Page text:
where mr is the method used to build the reference standard, and M is the set of FDRs from “mj models used to build the ensemble (i.e., M = {DEGseq, NOISeq, mixture models, edgeR}), fdr(mj) is the false discovery rate predcited by model mj for a specific transcript g, |M| is the cardinality of M (e.g., the number of models), I(mj) is the indicator function of a subset of M. The reference standard is omitted from the construction of the ensemble in order to minimize any of its potential biases or unfair advantages since a reference set built from the specific algorithm “mx” will contain the same biases as a prediction set also constructed from the specific algorithm “mx”.

For example, when edgeR was used to build the replicated reference standard, the ensemble omits edgeR, and Eq. 1 becomes the case-specific Eq. 2:
$$ {\displaystyle \begin{array}{c} Ensemble\ (g)=\frac{1}{\left|M\right|-1\ }\sum \limits_{\begin{array}{c}{m}_j\in M\\ {}{m}_r= edgeR\end{array}} fdr\left({m}_j\right)\times I\left({m}_j\right)\\ {}=\frac{1}{3}\ \Big(\ fdr(edgeR)\times 0+ fdr(DEGseq)\times 1+ fdr\left( mixture\ models\right)\times 1+ fdr\left(\ NOIseq\right)\times 1\end{array}} $$
(2)

Since the single-subject implementations of both DESeq and DESeq2 had extremely low recall (recall< 1% of DEGs; Results, Figs. 3, 4, 5), these were excluded from the set M of candidate models. Finally, since iDEG [14] is currently a preprint publication, we decided against including it in the ensemble in order to create an ensemble consisting exclusively of published and peer-reviewed techniques.

Reference standard construction

Each r-DEGs method in Table 1 was used to construct a reference DEG standard once using n = 30 wild type versus n = 30 snf2 mutant yeast for the Yeast dataset, and n = 4 unstimulated vs n = 4 estrogen-stimulated in the MCF7 dataset. DEGs identified by each r-DEG method were compared against one another to assess cross-method overlap for quantifying the variability and reliability of reference standards. All r-DEG methods were implemented using their recommended default settings as described earlier in the “DEG Methods” section.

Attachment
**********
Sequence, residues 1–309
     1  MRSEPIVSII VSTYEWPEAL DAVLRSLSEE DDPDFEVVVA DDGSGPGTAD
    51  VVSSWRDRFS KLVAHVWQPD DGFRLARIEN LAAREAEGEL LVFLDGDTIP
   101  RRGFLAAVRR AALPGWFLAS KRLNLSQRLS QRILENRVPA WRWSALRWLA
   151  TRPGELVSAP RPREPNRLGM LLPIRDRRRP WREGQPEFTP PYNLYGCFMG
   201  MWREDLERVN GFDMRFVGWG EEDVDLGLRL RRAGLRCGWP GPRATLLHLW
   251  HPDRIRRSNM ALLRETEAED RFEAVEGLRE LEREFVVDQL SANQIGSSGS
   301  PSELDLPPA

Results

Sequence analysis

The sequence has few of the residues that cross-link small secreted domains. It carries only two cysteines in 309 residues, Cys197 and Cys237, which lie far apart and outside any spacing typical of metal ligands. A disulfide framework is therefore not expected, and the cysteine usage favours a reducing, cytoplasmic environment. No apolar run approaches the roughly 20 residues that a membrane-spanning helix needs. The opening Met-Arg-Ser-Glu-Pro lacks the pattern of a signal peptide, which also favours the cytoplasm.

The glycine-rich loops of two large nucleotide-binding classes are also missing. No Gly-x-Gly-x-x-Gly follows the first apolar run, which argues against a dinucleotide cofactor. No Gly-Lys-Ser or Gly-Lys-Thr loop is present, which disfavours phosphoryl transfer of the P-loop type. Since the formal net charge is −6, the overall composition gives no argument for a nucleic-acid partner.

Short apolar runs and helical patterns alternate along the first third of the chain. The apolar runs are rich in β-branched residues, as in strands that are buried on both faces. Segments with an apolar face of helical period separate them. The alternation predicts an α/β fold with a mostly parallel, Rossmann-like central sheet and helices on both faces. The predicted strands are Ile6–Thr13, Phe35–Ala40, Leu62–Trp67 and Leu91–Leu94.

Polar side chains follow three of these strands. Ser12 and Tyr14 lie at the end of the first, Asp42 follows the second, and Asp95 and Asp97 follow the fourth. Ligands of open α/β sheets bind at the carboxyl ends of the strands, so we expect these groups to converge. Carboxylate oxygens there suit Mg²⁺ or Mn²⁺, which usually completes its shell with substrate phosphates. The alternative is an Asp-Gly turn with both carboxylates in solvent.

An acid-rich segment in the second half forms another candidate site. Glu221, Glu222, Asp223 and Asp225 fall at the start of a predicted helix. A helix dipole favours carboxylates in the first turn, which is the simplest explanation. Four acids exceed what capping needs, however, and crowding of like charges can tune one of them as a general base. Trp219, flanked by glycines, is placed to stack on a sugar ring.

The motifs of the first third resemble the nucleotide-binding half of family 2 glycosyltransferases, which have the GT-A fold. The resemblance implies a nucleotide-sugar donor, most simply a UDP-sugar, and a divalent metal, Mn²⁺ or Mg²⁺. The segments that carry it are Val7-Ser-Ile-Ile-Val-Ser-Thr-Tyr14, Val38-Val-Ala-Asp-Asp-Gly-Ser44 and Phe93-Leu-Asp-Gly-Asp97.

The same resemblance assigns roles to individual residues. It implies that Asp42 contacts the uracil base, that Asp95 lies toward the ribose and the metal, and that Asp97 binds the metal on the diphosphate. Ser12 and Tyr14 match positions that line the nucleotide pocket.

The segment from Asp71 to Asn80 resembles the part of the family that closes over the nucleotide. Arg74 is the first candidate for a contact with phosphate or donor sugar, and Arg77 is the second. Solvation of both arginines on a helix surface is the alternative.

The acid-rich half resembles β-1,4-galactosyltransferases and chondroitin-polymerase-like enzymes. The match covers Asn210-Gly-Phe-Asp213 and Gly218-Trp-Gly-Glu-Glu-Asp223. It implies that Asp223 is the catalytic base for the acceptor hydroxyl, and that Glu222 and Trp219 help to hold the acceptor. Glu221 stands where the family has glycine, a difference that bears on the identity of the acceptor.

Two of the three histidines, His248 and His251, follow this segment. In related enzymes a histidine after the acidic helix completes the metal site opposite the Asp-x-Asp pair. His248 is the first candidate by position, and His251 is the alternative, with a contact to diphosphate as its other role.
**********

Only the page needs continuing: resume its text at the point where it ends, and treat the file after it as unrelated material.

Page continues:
In the original manuscript describing the MCF7 dataset [19], the authors set a threshold resulting in approximately 3300 genes detected as DEGs by edgeR when all 7 replicates were used. Therefore, we adjusted our False Discovery Rate (FDR) [26] thresholds in each method to operate similarly and detect approximately 3300 DEGs (~ 15% of genes). In the Yeast dataset, we mimicked the authors’ experimental design and set our FDR-thresholds for DEG detection at FDR < 5%, which resulted in a varying number of DEGs per method that closely resembled their results (e.g., number of DEG calls) obtained by the original authors analysis of this dataset. Table 2 summarizes the operating characteristics of these methods in both datasets.
Table 2

Generating Reference Standards with r-DEG methods in datasets with replicates Standards

Method

Yeast (n = 30 paired samples), genome size = 7126 genes

MCF7 (n = 4 paired samples), genome size = ~ 22,000 genes

FDR Threshold

Number of DEGs

Percent of Genome as DEG

FDR Threshold

Number of DEGs

Percent of Genome as DEG

edgeR

.05

4437

62%

.005

3231

14%

DESeq

.05

4594

64%

.001

3207

14%

DESeq2

.05

4802

67%

.0005

3255

15%

DEGseq

.05

5087

71%

3.56e-12

3351

15%

NOISeq

.05

3914